Analysis: FinTech vs Top 500 UK Websites

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By: Jason Dilworth on 28th September 2017, 5 minute read

Following on from my previous analysis piece on the Insurance and InsurTech market's websites against those of the Top 500 UK sites, I thought it was about time we did the same for FinTech/Finance/Altfi sites.

The idea here is to compare the average Google PageSpeed scores of the two sets of data, and see how the FinTech/Altfi/Finance world stacks up against the best sites in the UK.

As before, I’ve taken a list of FinTech/AltFi/Finance sites, and a list of top UK websites (from Alexa) and run them all through the Google PageSpeed Insights API. I stored all the results from individual websites, and present the findings to you below. As a bonus, there's a link to all the raw data at the bottom of the post.

Time Taken to Get Result

Time taken to get result

This is a measure of the time it took Google PageSpeed to do the same calculations that it does in the web interface, and which are detailed below. It’s not directly representative of page load time, but I would imagine the correlation is close. Unlike the insurance markets in the last analysis piece, the finance markets here took around 10% longer to test. This points towards finance websites loading slower than the top UK sites. The faster a page loads, the more likely we are to see both better engagement rates with users and increased organic search traffic, so this is likely something to look at if you run a finance website.

Average Page Score

Average page score

This shows the average overall page score given by the PageSpeed tool, which is top level summary metric combining the results of all the insights below. It is scored from 0 to 100, with 100 being the best possible result. For the 2nd time, we see that the finance market falls short of the top UK sites, with an average score of 61 vs 68. The specifics of exactly why the score is lower on average is explained further in the next couple of sections, but overall it shows there is opportunity out there for finance and FinTech sites to improve and beat the competition. If you can achieve a score of 90 with your site, you know you are vastly outperforming your average competitor and, as such, have a great chance to outrank them in search and usability.

Number and Type of Resources

Number and type of resources

This graph shows us the overall number of resources taken to load a website. These include the main page HTML itself, as well as any images, Javascript and CSS. Each resource takes time to request and load from the server, which is the reason for such a strong correlation between these results and the earlier ‘Time Taken’ results. Here the FinTech sites show off the 'tech' part of the moniker by creating their sites with 69 resources rather than 121 on average.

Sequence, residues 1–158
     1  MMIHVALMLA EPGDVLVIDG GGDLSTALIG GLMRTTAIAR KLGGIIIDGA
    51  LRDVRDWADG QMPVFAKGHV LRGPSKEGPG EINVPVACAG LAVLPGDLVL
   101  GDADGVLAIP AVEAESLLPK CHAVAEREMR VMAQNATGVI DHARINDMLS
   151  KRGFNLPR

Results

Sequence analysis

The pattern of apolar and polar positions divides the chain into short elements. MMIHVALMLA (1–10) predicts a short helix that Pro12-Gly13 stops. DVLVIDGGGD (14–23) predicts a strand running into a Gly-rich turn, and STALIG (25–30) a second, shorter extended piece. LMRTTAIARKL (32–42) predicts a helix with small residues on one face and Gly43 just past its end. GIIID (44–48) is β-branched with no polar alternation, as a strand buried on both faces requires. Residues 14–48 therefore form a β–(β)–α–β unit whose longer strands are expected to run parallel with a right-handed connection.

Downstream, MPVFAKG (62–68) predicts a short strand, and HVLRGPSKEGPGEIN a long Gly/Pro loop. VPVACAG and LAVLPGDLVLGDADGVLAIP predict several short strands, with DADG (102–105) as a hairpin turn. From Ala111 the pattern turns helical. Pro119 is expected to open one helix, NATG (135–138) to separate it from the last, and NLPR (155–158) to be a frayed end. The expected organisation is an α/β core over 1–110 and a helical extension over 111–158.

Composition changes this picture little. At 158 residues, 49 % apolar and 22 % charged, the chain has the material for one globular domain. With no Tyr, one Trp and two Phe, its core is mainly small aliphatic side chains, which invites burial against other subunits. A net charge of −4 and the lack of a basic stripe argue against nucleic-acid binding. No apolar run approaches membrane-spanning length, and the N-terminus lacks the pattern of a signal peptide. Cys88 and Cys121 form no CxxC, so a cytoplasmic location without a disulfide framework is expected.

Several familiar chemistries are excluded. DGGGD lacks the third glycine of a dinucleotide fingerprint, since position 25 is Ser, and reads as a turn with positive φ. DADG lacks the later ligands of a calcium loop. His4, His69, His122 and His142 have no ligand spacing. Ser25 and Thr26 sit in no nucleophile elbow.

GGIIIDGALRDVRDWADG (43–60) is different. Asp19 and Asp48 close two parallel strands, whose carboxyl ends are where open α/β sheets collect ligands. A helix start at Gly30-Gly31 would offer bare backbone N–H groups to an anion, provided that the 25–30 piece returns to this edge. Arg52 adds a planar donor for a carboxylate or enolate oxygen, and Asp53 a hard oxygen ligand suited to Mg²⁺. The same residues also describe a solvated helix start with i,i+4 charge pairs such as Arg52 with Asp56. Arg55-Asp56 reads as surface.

Other Scoring Factors

Other scoring factors

This graph shows the percentage of websites in each data set which ‘tick the box’ for each of the metrics. To achieve an overall PageSpeed score of 100, your site needs to succeed in each of these areas. A site with a perfect score will leverage browser caching, optimise their images, minify their HTML, etc.

Just like last time out, I'm surprised by the results. Of course, the top sites in the UK are likely to be strong, but I would also expect the forward thinking and technologically advanced companies running the FinTech world would lead to great scores on the tech side of their websites. Apart from prioritising visual content and utilising server-side compression, the FinTech sites lose out across the board to the top UK sites. The great news for any readers who have control of a FinTech website: you can again make great gains on the rest of the market by leveraging browser caching, optimising your images, avoiding render blocking resources, minifying your code, and avoiding redirects. 

If I were running a FinTech site myself right now, I'd be downloading the data below, pulling out my main competitors and seeing how my scores compare. Then I'd prioritise the areas I mentioned above to beat that competition in those areas. Maybe, if enough of the market does that, we'll see a positive shift in these figures next time!

Download the full data here.

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Jason Dilworth


Jason Dilworth

Jason rolls together knowledge of programming, automation and data analysis to provide a high level of technical marketing expertise to The Marketing Eye and its clients.

Technical Director / The Marketing Eye

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